Yesterday evening, while reviewing applications with a student who will soon be testing for Green belt, I was once again struck by the simple truth that a portion of the test for rank is simply remembering the techniques you’re being tested on.  It was clear this student knew all of them, but he struggled to name them quickly.  We’ve all been there haven’t we?


How I Remember The 1st Set

As I think back to my salad days as a new aikido student getting ready to test for yellow belt, I remember thinking about how I initially struggled to find a method to “remember” my techniques.  It was my sempai Tim, who suggested arranging the first letters in each technique to spell words.


Though Tim’s arrangement is slightly different than mine, my First set ~ goes like this :


How I Remember The 2nd Set

On the Second set, there is only one technique that begins with a vowel; so spelling words is difficult.  On this set, I made a sentence instead.


Here is my yellow belt set sentence:

Please Letme Smooch a Registered Pharmacist Heartfelt Lovingly With Authenticity


Which translates ~

Peel off, Lift Up, Spin Around, Reverse Wrist, Pivot Take Down, Hold Down, High Bridge, Low Bridge, Wheel Throw, Arm Bar Throw


Nota Bena:  For the record, my particular fascination with smooching registered pharmacists is limited to my soul mate ~ the beautiful red-headed pharmacist I’ve been married to for 24 wonderful years.


How I Remember The 3rd Set

If I ever struggle to remember techniques in a set, for some reason, it is typically the techniques that comprise the 3rd set.

On this set my order is arranged like this:


How I Remember The 4th Set

Now this set is the beginning of the home stretch.  

(3 Kick Defenses)

(Another Scoop that is not a kick defense)

(Now attack uke starting at the head and work your way down.  Don’t forget to throw him at the end.)


How I Remember The 5th Set

(Initially arranged by the letters they start with)

(The next three sort of rhyme)

(The last one sounds really exotic)


So those are my memory aids.  I know that to be most effective, memory aids need to be personal.   Just out of curiosity, what memory aids do you use?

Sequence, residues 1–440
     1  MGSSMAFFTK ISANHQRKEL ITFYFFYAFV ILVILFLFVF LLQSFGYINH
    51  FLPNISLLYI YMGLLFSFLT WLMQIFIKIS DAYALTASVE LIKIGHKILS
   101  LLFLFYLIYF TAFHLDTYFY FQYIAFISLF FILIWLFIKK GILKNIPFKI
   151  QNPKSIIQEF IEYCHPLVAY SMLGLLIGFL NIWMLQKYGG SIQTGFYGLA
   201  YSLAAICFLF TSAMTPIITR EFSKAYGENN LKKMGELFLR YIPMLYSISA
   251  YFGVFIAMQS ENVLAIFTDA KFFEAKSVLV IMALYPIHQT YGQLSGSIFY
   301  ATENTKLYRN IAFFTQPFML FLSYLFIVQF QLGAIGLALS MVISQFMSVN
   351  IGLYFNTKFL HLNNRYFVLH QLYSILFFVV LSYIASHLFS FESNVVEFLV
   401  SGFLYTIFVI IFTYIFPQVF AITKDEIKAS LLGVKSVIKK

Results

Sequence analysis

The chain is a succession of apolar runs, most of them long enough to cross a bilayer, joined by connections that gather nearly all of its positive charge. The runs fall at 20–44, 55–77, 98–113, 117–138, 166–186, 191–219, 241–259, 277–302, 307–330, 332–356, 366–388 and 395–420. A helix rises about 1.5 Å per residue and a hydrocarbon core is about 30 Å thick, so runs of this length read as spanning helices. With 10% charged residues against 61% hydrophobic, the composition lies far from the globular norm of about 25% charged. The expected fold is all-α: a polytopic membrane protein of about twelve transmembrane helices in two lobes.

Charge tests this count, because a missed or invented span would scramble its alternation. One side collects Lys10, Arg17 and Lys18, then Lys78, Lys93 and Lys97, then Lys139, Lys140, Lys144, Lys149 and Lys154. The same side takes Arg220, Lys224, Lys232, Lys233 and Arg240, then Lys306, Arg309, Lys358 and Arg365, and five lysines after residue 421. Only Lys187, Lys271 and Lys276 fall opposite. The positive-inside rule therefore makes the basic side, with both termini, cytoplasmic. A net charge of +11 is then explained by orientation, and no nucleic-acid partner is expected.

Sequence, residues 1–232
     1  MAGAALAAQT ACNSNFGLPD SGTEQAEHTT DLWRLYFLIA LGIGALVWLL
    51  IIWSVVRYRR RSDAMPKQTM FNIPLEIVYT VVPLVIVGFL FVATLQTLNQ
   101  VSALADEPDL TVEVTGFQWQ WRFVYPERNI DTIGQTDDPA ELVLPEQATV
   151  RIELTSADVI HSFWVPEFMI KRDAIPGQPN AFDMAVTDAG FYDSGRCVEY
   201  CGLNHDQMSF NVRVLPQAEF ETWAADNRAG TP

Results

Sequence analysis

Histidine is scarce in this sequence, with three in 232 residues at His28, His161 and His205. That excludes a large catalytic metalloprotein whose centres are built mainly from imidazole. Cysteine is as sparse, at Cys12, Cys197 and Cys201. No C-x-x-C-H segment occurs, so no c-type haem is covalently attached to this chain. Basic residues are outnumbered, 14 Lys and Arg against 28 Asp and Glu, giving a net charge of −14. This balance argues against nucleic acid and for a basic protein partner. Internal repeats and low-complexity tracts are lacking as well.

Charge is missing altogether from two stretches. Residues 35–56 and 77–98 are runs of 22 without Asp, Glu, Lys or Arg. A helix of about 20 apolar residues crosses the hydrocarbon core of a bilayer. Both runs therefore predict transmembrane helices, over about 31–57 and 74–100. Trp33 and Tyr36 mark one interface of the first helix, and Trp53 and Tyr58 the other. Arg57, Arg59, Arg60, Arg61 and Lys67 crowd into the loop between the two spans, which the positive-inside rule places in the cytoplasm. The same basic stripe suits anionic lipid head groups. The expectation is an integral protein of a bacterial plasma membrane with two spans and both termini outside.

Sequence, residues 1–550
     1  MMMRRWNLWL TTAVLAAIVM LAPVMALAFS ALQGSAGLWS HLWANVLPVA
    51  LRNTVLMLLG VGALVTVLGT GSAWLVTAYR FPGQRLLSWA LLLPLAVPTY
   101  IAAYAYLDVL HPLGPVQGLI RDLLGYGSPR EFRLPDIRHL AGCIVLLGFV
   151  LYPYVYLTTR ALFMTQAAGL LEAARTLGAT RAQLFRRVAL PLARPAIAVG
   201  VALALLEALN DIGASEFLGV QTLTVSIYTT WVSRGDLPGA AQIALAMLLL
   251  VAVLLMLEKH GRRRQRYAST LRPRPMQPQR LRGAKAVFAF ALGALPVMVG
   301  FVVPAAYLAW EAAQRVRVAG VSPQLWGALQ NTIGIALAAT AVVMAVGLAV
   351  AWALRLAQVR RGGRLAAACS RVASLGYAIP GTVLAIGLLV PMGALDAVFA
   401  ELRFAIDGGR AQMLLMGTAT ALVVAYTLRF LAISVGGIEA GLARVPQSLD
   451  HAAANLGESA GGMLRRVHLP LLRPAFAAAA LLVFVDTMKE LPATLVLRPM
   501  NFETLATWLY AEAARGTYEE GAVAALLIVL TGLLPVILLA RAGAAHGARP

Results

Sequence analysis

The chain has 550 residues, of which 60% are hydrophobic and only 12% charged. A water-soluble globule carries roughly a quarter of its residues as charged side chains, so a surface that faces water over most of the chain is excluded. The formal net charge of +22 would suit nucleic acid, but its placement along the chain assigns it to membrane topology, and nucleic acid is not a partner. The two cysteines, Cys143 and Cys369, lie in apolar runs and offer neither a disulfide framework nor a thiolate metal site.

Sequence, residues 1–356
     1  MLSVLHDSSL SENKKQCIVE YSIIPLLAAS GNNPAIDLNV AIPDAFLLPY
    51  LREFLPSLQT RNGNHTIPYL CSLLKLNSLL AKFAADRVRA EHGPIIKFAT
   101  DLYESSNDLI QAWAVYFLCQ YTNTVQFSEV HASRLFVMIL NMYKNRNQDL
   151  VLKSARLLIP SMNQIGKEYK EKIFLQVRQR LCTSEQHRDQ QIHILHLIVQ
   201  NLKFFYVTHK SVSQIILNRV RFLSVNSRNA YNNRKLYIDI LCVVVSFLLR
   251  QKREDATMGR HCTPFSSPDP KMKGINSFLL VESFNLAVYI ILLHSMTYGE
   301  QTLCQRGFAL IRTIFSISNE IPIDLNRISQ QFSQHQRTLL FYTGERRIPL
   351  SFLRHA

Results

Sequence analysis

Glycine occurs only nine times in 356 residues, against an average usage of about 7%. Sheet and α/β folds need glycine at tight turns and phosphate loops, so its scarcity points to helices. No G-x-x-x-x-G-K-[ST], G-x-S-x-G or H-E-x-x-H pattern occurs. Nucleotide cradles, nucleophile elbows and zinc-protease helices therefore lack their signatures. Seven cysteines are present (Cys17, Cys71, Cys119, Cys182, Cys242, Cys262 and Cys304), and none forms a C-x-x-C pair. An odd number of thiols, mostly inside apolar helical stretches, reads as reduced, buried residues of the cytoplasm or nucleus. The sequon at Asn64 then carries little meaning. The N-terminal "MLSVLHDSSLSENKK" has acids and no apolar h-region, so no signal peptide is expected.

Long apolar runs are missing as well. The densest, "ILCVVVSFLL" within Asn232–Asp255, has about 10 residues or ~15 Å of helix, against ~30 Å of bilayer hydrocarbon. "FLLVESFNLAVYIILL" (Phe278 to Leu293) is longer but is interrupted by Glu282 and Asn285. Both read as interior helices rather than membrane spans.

3.  Website Features:  


We’ve got a whole section on the website featuring pictures of Kuma Station, the Army base Shihan Bowe was stationed at in Chitose, Japan?  I found a cache of photos on the internet which were taken during the same period of time that Shihan was stationed there.  I find these pictures compelling.  Click here.


We plan to go back to Chitose one day!  Read my vision statement called, “Hokkaido 2020” ~ a dream to establish a Nihon Goshin Aikido dojo in Hokkaido by 2020.  Click Here.



4.  Seminar Announcements:  


A.  Spartanburg, SC  (April 16, 2016):  Instructors will be Nihon Goshin Aikido Sensies John Wyndham (Host Instructor, Spartanburg, SC), John Carter (Lexington, SC), and Joe Beckham (Greenville, SC).  Cost is $75 to preregister, or $100 at the door.  Time is 9:00 am - 3:45 pm.  Click Here for more information, and to register.


B.  Covington, GA  (June 3 - 4, 2016):  There will be a Nihon Goshin Aikido Seminar at the Covington, GA dojo.  Sensei MacEwen will be the primary instructor.  The dates are the first weekend in June, so mark your calendars.  The cost of this two day workshop is only $89 total, so don’t miss it.   Click Here for more information, and to register.


C.  Edgewater, NJ  (Every Saturday) Time is from 1:00 - 2:30 & 2:30 - 4:00 pm beginning this Saturday.  Sensei Jose Garrido will be teaching Daitō-ryu Aikijujutsu at the UFC gym in Edgewater, NJ.  Cost is only $20 per class o $30 for both, but you must let Sensei Garrido know you are coming at least one day in advance.  I think this is a special opportunity.  I always talk about the importance of gaining a better understanding of our art and its roots.  Sensei Garrido is uniquely positioned to bridge Daitō-ryu and Nihon Goshin Aikido for those Nihon Goshin Aikido brown and black belts who might have an interest in exploring their martial history. Click Here for more information, and to register.



5.  New Study Group Leader in North Central CT/ Western MA.  


Mike Murphy, a Nihon Goshin Aikido sho-dan under Sensei MacEwen, is beginning a Nihon Goshin Aikido study group in the North Central CT/ Western MA area.  Please forward this information to everyone you know in that area so that they can begin their training in our great art.  You can contact Sensei Murphy by email here, or via our website here.  



6.  Newsletter Subscribers:


More subscribers is the goal ~ so can you help us grow our Newsletter Subscription Base by passing the website along to your training buddies and asking them to subscribe also?  It makes for good conversations as there’s nothing like sitting around the water cooler in the dojo and lambasting me for all the stupid things I’ve written over the course of this newsletter!  


Our hope is to be an inter-dojo clearing house for all things NGA, but we need more subscribers to do that.  Best of all, it’s free, and who doesn’t like the word “free!”  Click Here to Subscribe! (And make sure you forward this link to all your training buddies, and would be training buddies).



7.  Announcements:


Do you have an announcement?  If so, we would like to share your information on Seminars, Dojo Expansions, Relocations, Grand Openings, Promotions, and/or Other Information with our subscribers.  Please forward all of your announcements to us so we can get the word out.  Send us the information on your announcement, and we’ll post it here for you.  



Let's meet on the mat together soon!



Best,

Jonathan Wilson

ngaexperience.com